Dr Clea Wright

Senior Lecturer

Clea’s main teaching and supervision areas are in Investigative and Forensic Psychology. Her research interests lie primarily in real world deceptive behaviour, and in various aspects of investigative interviewing, and her work is particularly focused on collaboration with both academic and practitioner colleagues, to produce theoretically-informed, evidence-based research that has a strongly applied focus.

Qualifications

Clea is a chartered psychologist and a fellow of the Higher Education Academy. Her PhD, for which she won an ESRC Studentship, was awarded by the University of Liverpool. Her doctoral research was an investigation of real world deceptive behaviour in a high stakes context.

Clea holds an MSc in Research Methods in Psychology from the University of Liverpool, for which she was awarded a distinction, and the School of Psychology Prize for high academic achievement.

Overview

Clea’s research, whilst stemming from investigative and forensic psychology, incorporates elements of social psychology, cognitive psychology, and social cognition. Examples of research areas include investigating deceptive behaviour in real life high stakes situations, police accuracy in detecting real world deception, observer decision-making processes during credibility judgements, individual differences that affect the ability to detect deception, interviewer tactics in police interviews with homicide suspects.

Clea is joint deputy programme leader for the BSc Forensic Psychology, the module leader for Forensic and Criminal Psychology, and is the staff liaison for the departmental student society, the Chester University Psychological Society (CUPS).

Email: clea.wright@chester.ac.uk

Teaching

Clea contributes to teaching on undergraduate modules Forensic and Criminal Psychology (PS4019), Forensic Psychology: Detection, Detention, Treatment and Trial (PS5002), and Recent Trends and Developments in Psychology (PS6005). She also supervises undergraduate and Masters level dissertations.

Research

Clea’s research interests lie primarily in real world deceptive behaviour, and investigative interviewing. Previous research has included the development of methodological approaches to generate previously unidentified cues to deception, developing multiple-cue approaches to detecting deception in specific contexts, investigating the predictive value of consensus judgements of deception, identifying cues used by accurate deception detectors and strategies that they use to make credibility judgements, identifying individual characteristics that affect deception detection ability, and developing methodological approaches that address issues of ecological validity and contextual focus. Current projects include collaborations with a UK police service, investigating high stakes deception in a specific investigative context, and aspects of effective investigative interviewing.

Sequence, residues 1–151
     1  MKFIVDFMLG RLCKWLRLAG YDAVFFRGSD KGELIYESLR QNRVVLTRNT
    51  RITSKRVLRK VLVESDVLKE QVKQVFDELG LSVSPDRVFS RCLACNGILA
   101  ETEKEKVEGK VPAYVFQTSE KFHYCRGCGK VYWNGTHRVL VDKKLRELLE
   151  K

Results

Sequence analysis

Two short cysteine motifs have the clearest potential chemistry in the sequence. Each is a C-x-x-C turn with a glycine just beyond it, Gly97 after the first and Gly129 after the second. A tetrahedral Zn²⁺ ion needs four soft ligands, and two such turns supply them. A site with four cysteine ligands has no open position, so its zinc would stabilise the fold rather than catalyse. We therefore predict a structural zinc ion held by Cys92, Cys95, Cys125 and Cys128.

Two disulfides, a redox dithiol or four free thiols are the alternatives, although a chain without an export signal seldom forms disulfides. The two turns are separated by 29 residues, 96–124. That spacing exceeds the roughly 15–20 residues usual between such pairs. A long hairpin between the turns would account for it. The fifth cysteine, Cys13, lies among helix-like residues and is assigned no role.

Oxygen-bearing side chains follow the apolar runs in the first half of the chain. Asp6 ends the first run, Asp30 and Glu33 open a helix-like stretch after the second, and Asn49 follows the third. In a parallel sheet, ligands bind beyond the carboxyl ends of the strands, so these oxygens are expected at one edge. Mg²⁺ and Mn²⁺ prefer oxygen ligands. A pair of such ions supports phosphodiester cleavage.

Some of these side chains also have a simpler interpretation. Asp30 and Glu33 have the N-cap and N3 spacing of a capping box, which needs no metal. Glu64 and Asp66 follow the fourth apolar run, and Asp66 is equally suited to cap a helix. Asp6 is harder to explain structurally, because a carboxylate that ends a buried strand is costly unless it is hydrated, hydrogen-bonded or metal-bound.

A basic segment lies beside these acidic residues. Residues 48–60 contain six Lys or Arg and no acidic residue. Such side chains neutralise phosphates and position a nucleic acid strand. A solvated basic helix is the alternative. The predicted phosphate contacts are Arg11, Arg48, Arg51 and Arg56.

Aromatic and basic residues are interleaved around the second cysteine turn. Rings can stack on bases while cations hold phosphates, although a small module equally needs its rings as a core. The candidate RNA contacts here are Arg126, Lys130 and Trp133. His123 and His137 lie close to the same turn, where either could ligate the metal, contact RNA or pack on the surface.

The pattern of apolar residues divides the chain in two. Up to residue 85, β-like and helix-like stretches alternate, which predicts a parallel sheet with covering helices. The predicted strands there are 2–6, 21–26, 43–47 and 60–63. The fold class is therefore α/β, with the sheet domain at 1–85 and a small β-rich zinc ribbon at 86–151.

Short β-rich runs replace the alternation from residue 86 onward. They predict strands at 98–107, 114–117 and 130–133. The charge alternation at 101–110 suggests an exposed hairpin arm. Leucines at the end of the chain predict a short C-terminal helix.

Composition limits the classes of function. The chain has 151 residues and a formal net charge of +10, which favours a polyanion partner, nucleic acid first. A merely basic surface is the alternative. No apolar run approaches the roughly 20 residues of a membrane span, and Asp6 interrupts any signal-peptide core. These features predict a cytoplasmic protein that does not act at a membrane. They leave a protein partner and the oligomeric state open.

Published work

- Stewart, S., Wright, C. & Atherton, C. (2017). Lie detection and truth detection are dependent on different cognitive and emotional traits. Manuscript submitted for publication.

- Wright, C. & Wheatcroft, J. M. (2017). Police officer’s beliefs about, and use of, cues to deception. Journal of Investigative Psychology and Offender Profiling. Published online 26 March 2017. DOI: 10.1002/jip.1478

- Wright Whelan, C., Wagstaff, G. F. & Wheatcroft, J. M. (2014). High Stakes Lies: Police and non-police Accuracy in Detecting Deception. Psychology, Crime and Law. Manuscript published online 21stJuly 2014. DOI: 10.1080/1068316X.2014.935777

- Wright Whelan, C., Wagstaff, G. F. & Wheatcroft, J. M. (2013). High Stakes Lies: Verbal and Nonverbal Cues to Deception in Public Appeals for Help with Missing or Murdered Relatives. Psychiatry, Psychology and Law. Manuscript published online 23rd September 2013. DOI:10.1080/13218719.2013.839931

- Wright Whelan, C., Wagstaff, G. F. & Wheatcroft, J. M. (2014). Subjective cues to deception/honesty in a high stakes situation: An exploratory approach. The Journal of Psychology: Interdisciplinary and Applied. Manuscript published online 7th May 2014. DOI: 10.1080/00223980.2014.911140

 

Conference Presentations:

- Wright, C., Wagstaff, G. F. & Wheatcroft, J. M. (2016). Police Officers’ beliefs about behaviours related to deception in a high stakes context. Presentation at the International Investigative Interviewing Research Group annual conference, London, United Kingdom

- Wright Whelan, C., Wagstaff, G. F. & Wheatcroft, J. M. (2014). Police officers’ and laypersons’ accuracy in detecting high stakes deception. Presentation at the International Investigative Interviewing Research Group annual conference, Lausanne, Switzerland

- Wright Whelan, C., Wagstaff, G. F. & Wheatcroft, J. M. (2012). High stakes lies: Identifying and using cues to deception and honesty in appeals for missing and murdered relatives. Paper presented at the International Investigative Interviewing Research Group annual conference 2012 in Toronto. Prize awarded for Best Student Presentation.